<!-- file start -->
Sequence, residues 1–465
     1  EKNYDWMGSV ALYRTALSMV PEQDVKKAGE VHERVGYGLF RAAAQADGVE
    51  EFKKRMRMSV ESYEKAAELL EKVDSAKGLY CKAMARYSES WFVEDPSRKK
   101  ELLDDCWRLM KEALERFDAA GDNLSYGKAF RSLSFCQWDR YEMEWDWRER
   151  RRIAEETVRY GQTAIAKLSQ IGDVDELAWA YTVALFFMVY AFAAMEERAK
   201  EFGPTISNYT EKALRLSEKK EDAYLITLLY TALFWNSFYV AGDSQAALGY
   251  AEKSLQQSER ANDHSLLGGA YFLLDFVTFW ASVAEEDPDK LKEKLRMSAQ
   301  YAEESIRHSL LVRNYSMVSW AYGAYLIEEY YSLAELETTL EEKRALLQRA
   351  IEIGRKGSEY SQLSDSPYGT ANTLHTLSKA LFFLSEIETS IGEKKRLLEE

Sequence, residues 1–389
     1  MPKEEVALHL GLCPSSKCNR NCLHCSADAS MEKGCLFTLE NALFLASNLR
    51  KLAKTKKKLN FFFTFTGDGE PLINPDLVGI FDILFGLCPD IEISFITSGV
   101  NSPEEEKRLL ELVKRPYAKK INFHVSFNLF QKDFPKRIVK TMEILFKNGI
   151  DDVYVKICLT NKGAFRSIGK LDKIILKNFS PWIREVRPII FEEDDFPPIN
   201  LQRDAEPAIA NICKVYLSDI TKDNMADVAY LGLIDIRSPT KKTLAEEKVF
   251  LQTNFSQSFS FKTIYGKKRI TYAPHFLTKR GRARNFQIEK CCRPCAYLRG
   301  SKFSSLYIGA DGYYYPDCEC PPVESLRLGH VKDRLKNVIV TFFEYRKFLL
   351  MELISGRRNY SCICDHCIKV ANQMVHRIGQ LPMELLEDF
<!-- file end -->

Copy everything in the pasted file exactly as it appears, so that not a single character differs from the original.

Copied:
Sequence, residues 1–465
     1  EKNYDWMGSV ALYRTALSMV PEQDVKKAGE VHERVGYGLF RAAAQADGVE
    51  EFKKRMRMSV ESYEKAAELL EKVDSAKGLY CKAMARYSES WFVEDPSRKK
   101  ELLDDCWRLM KEALERFDAA GDNLSYGKAF RSLSFCQWDR YEMEWDWRER
   151  RRIAEETVRY GQTAIAKLSQ IGDVDELAWA YTVALFFMVY AFAAMEERAK
   201  EFGPTISNYT EKALRLSEKK EDAYLITLLY TALFWNSFYV AGDSQAALGY
   251  AEKSLQQSER ANDHSLLGGA YFLLDFVTFW ASVAEEDPDK LKEKLRMSAQ
   301  YAEESIRHSL LVRNYSMVSW AYGAYLIEEY YSLAELETTL EEKRALLQRA
   351  IEIGRKGSEY SQLSDSPYGT ANTLHTLSKA LFFLSEIETS IGEKKRLLEE

Sequence, residues 1–389
     1  MPKEEVALHL GLCPSSKCNR NCLHCSADAS MEKGCLFTLE NALFLASNLR
    51  KLAKTKKKLN FFFTFTGDGE PLINPDLVGI FDILFGLCPD IEISFITSGV
   101  NSPEEEKRLL ELVKRPYAKK INFHVSFNLF QKDFPKRIVK TMEILFKNGI
   151  DDVYVKICLT NKGAFRSIGK LDKIILKNFS PWIREVRPII FEEDDFPPIN
   201  LQRDAEPAIA NICKVYLSDI TKDNMADVAY LGLIDIRSPT KKTLAEEKVF
   251  LQTNFSQSFS FKTIYGKKRI TYAPHFLTKR GRARNFQIEK CCRPCAYLRG
   301  SKFSSLYIGA DGYYYPDCEC PPVESLRLGH VKDRLKNVIV TFFEYRKFLL
   351  MELISGRRNY SCICDHCIKV ANQMVHRIGQ LPMELLEDF